How Long Does The Average Hospice Care Patient Live?
Written By Kobi Nathan, Pharm.D., M.Ed., CDP, BCGP, AGSF
Sleep Disorders
November 13, 2022

How long is the average hospice stay? The simple answer is that, on average, a patient in hospice care for a terminal illness has less than six months to live.

However, the processes and people involved in the decision-making are much more complex.

Let’s discuss…

Every day, many people die in hospitals, assisted living and long-term care facilities, nursing homes, or their own homes, having received care inconsistent with their final wishes.

Most of the time, this is due to not wanting to have a difficult or uncomfortable conversation.

Sometimes, family members think their loved ones know their final wishes, but in reality, they have never talked about it with them.

Or, there is this misconception that talking about hospice and palliative care means giving up hope for a loved one and shortening the time to death.

Another uncomfortable but completely understandable truth is that the person at the end of their life may be ready to transition to death. Still, their loved ones are not ready to do so and wait until their loved one is close to death before deciding to pursue hospice care.

However, waiting until the last possible moment can cause unnecessary pain and suffering.

So, there is incongruency about what one’s final wishes are.

Unfortunately, this lack of communication can lead to undue stress, frustration, family arguments, and confusion when the patient’s needs and wants become incongruent with their caregivers and the healthcare team’s ethical and professional duties and responsibilities.

Hospice care and palliative care are often misunderstood terms.

They are not the same, and both types of care have their respective place in the care decision-making of an individual.

Before we go further, let’s define these terms.

What is palliative care, and who benefits from it?

Palliative care is highly specialized medical, psychological, social, nutritional, and spiritual care provided to people with serious illnesses.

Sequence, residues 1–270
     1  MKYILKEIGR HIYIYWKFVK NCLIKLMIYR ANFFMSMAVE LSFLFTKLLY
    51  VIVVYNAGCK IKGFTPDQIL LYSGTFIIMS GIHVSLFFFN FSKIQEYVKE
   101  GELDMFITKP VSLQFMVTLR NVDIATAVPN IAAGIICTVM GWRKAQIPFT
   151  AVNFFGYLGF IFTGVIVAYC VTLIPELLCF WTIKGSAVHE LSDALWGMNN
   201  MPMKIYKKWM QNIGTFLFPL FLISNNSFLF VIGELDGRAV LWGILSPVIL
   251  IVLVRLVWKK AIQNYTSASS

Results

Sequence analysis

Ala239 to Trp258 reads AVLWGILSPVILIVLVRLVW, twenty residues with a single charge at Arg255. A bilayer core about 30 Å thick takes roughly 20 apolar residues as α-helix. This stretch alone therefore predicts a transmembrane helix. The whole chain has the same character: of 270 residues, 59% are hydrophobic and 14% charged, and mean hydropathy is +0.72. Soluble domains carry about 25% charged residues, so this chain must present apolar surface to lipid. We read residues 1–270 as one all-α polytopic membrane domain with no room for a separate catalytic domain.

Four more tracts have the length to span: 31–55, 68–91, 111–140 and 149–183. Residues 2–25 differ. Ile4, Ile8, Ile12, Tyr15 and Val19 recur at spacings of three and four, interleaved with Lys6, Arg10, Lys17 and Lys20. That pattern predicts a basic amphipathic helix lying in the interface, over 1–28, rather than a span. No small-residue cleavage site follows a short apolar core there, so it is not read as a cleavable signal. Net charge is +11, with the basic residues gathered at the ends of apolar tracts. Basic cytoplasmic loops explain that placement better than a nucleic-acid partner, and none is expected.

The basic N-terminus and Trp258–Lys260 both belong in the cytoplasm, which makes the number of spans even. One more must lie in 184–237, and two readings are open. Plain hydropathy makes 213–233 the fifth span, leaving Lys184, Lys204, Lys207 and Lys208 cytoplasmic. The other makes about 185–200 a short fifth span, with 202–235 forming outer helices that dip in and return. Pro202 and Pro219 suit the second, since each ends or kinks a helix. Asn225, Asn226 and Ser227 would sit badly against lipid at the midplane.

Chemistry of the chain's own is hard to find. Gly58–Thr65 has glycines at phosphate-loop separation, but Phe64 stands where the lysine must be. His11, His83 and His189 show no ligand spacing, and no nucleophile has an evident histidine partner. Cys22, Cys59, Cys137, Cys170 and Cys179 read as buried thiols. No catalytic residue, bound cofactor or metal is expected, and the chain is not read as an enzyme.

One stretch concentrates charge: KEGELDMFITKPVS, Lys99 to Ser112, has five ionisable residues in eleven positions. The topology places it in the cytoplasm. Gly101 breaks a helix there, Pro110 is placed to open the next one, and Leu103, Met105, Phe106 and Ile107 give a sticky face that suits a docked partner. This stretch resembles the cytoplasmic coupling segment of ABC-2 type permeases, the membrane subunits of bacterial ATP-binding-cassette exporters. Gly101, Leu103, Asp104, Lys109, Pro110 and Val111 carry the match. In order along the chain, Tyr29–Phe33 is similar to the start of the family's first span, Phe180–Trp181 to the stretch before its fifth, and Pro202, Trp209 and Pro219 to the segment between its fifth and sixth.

Such illnesses include advanced cancer, end-stage heart disease, kidney failure, chronic obstructive pulmonary disease, dementia, Parkinson’s disease, multiple sclerosis, and many others.

Palliative care patients receive curative treatment for their illness when possible and treatment to help alleviate their symptoms. Usually, this is pain management or treating shortness of breath, as in COPD.

Palliative care can be an excellent way to educate and inform older adults and their loved ones about streamlining and understanding their choices for ongoing medical management of their disabilities, general discomfort, and any of the Geriatric Syndromes they may be experiencing.

The main goal of palliative care is making the patient as comfortable as possible and improving their and their family’s quality of life.

Who is on the palliative care team?

An interprofessional team of healthcare professionals comprising palliative care specialist doctors, nurses, social workers, nutritionists, and chaplains makes up the palliative care team. Some institutions also employ clinical pharmacists trained in palliative care.

How do you start palliative care services?

If your doctor determines that you are a candidate for palliative care, they can refer you to a palliative care specialist, or you can ask your doctor for a referral.

Where can you receive palliative care?

You can receive palliative care anywhere – in hospitals, assisted living and nursing homes, outpatient palliative care clinics, or even at home.

If you are a veteran, you may receive palliative care through the Department of Veterans Affairs.

You can also receive care through Medicare and Medicaid. Your private insurance plan may also cover these services.

Finding a palliative care facility near you can be initiated by visiting the National Hospice and Palliative Care Organization website.

Transitioning from palliative care to hospice care

As I have discussed above, receiving palliative care does not mean preparing for imminent death, even if you receive treatment for end-stage disease – it is intended to improve your quality of life and make you as comfortable as possible.

However, your condition may progress over time. If your doctor determines that current or future medical treatments are no longer helping and that you are likely to pass away within six months, they may transition you to hospice care. Or, you may decide to stop undergoing further treatment and make your wishes known to your doctor and family. 

What is hospice care?

As mentioned above, the goal of hospice care is the provision of medical, social, spiritual, comfort, and compassionate care to a patient approaching the end of life.

In other words, in hospice, comfort care is provided similarly to palliative care, but treatment to stop or slow the illness is stopped. Hospice patients understand that they have a terminal illness.

If you are living with a life-limiting illness, it is essential to understand your hospice care options. Talk to your doctor as soon as possible about your end of life care plan – include your loved ones.